Even visitors in wheelchairs can reach the initial lookout point, but the journey’s continuation uphill and across the swingbridge is more fun.
Be aware that the “swing” in the name is literal. If your balance is less than optimal, don’t cross the bridge with any rowdy kids. When they run, it can leave you feeling like your footing is not secure. Though there were plenty of people around on our visit, traffic fluctuated, and a little patience made a smooth crossing–or a photo without unwanted strangers in the shot–possible.
Heading to town after our walk, and having read Eleanor Catton’s The Luminaries before visiting Hokitika, I joked that I would be on the lookout for three things:
- gold prospectors,
- opium addicts, and
- ladies of the evening.
I didn’t really expect to encounter any of them in person. Imagine my surprise to find that our host at the B&B was a bona fide gold miner! If Hokitika is still home to opiate addicts and streetwalkers, they aren’t as readily seen by casual tourists on a fine afternoon. That’s probably just as well, for the town of Hokitika as well as my rule-abiding self.
Aside from wandering around, joining the other tourists at the beach, and visiting the little shops along Hokitika’s four or five commercial streets, we chose to eat lunch at Fat Pipi Pizzas. The pizza was fine, not fabulous, but the oceanside outdoor patio was a real pleasure.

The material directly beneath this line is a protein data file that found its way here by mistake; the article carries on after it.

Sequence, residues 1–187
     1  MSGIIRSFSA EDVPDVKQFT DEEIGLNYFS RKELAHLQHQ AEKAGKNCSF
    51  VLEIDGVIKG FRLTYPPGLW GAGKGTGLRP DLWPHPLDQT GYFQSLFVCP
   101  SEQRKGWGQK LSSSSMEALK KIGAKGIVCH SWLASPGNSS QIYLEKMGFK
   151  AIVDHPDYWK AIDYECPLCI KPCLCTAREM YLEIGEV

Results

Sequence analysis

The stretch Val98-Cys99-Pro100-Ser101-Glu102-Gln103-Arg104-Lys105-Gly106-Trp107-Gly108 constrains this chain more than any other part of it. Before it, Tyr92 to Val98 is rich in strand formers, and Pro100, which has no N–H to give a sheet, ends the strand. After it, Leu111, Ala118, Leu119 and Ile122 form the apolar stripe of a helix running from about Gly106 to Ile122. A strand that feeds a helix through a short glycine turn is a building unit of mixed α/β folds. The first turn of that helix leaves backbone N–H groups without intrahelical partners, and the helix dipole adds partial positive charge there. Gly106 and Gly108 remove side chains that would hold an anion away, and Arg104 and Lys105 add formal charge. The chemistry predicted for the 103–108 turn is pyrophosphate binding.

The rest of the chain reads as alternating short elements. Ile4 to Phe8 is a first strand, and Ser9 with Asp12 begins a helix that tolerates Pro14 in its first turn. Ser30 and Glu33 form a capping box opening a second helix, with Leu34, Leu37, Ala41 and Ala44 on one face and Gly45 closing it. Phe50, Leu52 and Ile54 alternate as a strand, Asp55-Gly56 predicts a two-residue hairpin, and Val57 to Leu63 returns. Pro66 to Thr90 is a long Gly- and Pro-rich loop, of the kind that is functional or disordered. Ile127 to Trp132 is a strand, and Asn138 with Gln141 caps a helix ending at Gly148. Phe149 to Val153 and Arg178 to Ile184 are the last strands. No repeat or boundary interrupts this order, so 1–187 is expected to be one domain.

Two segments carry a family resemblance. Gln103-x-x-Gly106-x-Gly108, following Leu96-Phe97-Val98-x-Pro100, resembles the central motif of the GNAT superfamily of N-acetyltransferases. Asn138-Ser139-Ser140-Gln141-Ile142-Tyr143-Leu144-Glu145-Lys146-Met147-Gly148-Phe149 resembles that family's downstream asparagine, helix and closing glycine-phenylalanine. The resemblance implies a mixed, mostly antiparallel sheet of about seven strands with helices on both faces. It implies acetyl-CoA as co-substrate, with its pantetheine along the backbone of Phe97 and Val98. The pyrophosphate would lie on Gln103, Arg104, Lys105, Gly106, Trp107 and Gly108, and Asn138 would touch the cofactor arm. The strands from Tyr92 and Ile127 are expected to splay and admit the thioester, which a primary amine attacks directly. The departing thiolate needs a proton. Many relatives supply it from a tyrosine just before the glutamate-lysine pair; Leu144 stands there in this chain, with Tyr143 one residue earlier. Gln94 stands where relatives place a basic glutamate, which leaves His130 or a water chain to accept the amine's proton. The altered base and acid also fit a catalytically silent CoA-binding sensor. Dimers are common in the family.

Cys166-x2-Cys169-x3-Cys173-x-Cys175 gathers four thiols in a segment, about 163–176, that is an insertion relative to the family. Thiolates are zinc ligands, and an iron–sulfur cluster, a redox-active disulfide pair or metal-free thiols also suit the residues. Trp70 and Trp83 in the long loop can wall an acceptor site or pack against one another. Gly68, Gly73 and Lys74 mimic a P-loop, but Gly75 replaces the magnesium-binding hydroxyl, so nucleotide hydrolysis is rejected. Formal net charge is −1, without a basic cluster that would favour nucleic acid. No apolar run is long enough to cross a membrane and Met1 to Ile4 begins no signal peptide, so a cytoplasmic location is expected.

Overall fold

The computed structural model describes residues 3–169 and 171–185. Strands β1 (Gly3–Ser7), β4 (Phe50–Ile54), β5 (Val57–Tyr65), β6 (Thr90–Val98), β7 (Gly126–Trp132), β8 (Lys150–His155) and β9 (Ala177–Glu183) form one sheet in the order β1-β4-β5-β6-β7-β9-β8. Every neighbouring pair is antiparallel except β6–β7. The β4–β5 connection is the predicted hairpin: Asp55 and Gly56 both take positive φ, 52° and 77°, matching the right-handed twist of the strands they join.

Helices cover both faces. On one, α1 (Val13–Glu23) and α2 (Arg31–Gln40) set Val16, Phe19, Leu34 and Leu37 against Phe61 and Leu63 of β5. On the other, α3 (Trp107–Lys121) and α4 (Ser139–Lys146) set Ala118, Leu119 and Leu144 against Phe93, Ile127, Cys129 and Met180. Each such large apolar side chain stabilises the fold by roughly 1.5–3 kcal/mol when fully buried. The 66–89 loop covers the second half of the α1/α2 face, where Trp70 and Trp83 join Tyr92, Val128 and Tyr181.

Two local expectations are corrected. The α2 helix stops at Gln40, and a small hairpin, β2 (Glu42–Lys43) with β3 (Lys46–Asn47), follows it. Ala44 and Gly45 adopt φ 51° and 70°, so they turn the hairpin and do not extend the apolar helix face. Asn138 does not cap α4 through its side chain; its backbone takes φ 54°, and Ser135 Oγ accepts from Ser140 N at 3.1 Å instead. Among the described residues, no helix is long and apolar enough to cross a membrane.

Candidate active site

We got takeaway pastries and sandwiches at a bakery near the northern end of the Main Street parallel to the ocean. These were tasty and affordable, and meant we didn’t need to go out to dinner or drive later in the evening. Even cold food was delicious on the B&B’s terrace as sunset approached.
The Tasman Sea rolling in over and over in crashing waves is a sight to behold. I’d recommend a trip to the South Island’s West Coast for this alone if you enjoy being hypnotized as much as I do.
The relatively empty beaches are another wonder in and of themselves. Here, you find yourself in a position to appreciate God’s work with less commentary on the part of mankind. Coastal areas are so appealing that we scramble to despoil them with beach homes and ice cream stands. New Zealand’s seeming endless coastline leaves more stretches less touched by human endeavors, and that absence was one of my favorite things about this part of the country.
Hokitika would probably be the best base for staying on the West Coast for those foregoing a rental car. It’s also the best option for those who’d prefer lodgings adjacent to restaurants and services. Choose to visit as a day trip if you prefer, like we did, to stay somewhere less built up and drive out to access dining and shops.